UNITED STATES DISTRICT COURT SOUTHERN DISTRICT OF CALIFORNIA
January 13, 2010
ADRON BATES, PETITIONER,
KEN CLARK, WARDEN, RESPONDENT.
The opinion of the court was delivered by: John A. Houston United States District Judge
ORDER DENYING CERTIFICATE OF APPEALABILITY
On September 4, 2008, petitioner, a state prisoner, filed a petition for writ of habeas corpus pursuant to 28 U.S.C. § 2254. The matter was referred to the Honorable Peter C. Lewis, United States Magistrate Judge pursuant to 28 U.S.C. § 636(b)(1)B) and Local Rule HC.2(a). Judge Lewis issued a report and recommendation ("report") on May 7, 2009, recommending that this Court dismiss the petition, finding that the petitioner was not entitled to relief on his claims. Petitioner filed objections to the magistrate judge's findings and conclusions contained in the report on June 9, 2009. This Court subsequently overruled petitioner's objections, adopted the report it its entirety and dismissed the petition for not raising a claim entitled to relief.
On December 28, 2009, petitioner filed a notice of appeal of the Court's order. Although petitioner does not expressly seek a certificate of appealability, this Court sua sponte considers whether a certificate of appealability should be granted. See Fed.R.App.P. 22(b); United States v. Asrar, 116 F.3d 1268, 1270 (9th Cir. 1997)("If no express request is made for a certificate of appealability, the notice of appeal shall be deemed to constitute a request for certificate).
A certificate of appealability is authorized "if the applicant has made a substantial showing of the denial of a constitutional right." 28 U.S.C. § 2253(c)(2). To meet this threshold showing, petitioner must show that: (1) the issues are debatable among jurists of reason; or (2) that a court could resolve the issues in a different manner; or (3) that the questions are adequate to deserve encouragement to proceed further. Lambright v. Stewart, 220 F.3d 1022, 1024-25 (9th Cir. 2000)(citing Slack v. McDaniel, 529 U.S. 473 (2000) andBarefoot v. Estelle, 463 U.S. 880 (1983)).
Here, the petitioner presents two issues: 1) whether petitioner was denied his rights to Due Process and a fair trial because members of the jury saw the petitioner in jail clothing; and 2) whether petitioner's right to effective assistance of counsel as guaranteed by the Sixth Amendment was violated when his attorney failed to object to his presence at trial in jail clothing. As to petitioner's first claim, a criminal defendant may not be compelled to appear in front of a jury wearing identifiable prison clothing because it could impair the presumption of innocence. Estelle v. Williams, 425 U.S. 501, 503 (1976); United States v. Rogers, 769 F.2d 1418, 1423 (9th Cir. 1985). However, this Court found that the petitioner's failure to make a timely objection regarding his clothing during the trial was sufficient to negate the presence of compulsion that is necessary to establish a constitutional violation. See Doc. # 14 at 8-9 (citing Estelle, 425 U.S. at 512-13 (1976)).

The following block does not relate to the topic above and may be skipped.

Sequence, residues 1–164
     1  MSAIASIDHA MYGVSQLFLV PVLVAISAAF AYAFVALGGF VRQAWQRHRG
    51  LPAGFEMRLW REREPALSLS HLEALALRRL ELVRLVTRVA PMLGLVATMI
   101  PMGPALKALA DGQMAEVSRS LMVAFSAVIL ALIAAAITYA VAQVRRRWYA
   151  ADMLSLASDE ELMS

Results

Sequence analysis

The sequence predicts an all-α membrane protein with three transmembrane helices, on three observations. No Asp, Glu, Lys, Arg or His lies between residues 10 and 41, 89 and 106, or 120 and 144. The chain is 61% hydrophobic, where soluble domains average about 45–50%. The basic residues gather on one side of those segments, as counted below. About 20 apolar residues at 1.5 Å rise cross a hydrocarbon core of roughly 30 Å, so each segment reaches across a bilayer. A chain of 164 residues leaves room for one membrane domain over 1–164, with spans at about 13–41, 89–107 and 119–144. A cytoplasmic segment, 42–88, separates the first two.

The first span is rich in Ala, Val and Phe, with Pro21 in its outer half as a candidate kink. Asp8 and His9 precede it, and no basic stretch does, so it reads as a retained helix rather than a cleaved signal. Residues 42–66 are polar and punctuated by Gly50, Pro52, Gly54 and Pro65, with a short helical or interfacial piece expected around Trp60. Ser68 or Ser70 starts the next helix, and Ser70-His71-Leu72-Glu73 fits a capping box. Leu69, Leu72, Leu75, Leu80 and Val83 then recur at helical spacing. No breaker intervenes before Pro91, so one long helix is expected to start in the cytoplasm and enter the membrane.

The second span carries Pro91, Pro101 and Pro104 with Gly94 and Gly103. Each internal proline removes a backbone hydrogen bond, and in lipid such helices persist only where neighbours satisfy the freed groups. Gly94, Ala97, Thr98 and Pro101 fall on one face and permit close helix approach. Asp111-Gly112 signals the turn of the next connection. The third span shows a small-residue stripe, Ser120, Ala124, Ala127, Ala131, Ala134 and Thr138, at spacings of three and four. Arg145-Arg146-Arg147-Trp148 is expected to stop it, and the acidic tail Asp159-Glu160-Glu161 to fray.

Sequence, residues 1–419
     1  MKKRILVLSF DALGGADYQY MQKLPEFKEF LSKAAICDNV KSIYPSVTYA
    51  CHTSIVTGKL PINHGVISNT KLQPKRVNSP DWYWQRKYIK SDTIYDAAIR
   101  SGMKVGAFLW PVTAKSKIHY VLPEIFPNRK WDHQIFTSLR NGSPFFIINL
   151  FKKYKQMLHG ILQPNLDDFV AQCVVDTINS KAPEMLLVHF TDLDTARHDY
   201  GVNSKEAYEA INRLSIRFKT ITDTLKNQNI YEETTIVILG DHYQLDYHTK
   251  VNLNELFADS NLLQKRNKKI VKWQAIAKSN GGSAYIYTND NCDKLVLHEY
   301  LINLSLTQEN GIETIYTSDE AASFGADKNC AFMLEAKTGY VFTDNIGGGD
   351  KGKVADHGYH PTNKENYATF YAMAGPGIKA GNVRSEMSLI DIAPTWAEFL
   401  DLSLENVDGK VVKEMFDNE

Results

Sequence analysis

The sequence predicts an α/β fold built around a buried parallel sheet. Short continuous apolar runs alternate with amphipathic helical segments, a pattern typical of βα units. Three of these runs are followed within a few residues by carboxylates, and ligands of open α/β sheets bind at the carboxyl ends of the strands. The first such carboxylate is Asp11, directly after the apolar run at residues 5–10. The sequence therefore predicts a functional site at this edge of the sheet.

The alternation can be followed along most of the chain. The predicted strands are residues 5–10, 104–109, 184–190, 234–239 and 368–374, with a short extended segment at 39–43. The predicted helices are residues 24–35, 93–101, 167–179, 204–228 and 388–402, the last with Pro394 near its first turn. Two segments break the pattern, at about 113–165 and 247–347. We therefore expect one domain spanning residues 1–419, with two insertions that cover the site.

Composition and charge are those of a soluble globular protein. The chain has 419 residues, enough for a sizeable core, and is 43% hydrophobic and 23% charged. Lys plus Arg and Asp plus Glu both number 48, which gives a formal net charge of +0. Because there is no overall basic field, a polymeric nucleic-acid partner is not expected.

As to petitioner's alternative claim, this Court found that petitioner's right to effective counsel was not violated because petitioner did not show he was prejudiced by his counsel's failure to make an objection. See Doc # 14 at 12. Furthermore, this Court found petitioner provided no proof there was a reasonable probability the outcome of his trial would have been different had he been given a new set of civilian clothes. See Doc # 14 at12. Because of the foregoing reasons, petitioner cannot show "a probability sufficient to undermine confidence in the outcome [of the trial]" and therefore cannot prove a violation of his right to effective counsel. Strickland v. Washington, 466 U.S. 668, 694 (1984).
This Court finds petitioner's claims do not present a question of substance debatable among jurists, nor do the claims raise serious and substantial legal concerns that implicate his constitutional rights. Lambright, 220 F.3d at 1024-25. Accordingly this Court DENIES a certificate of appealability as to the claims presented.
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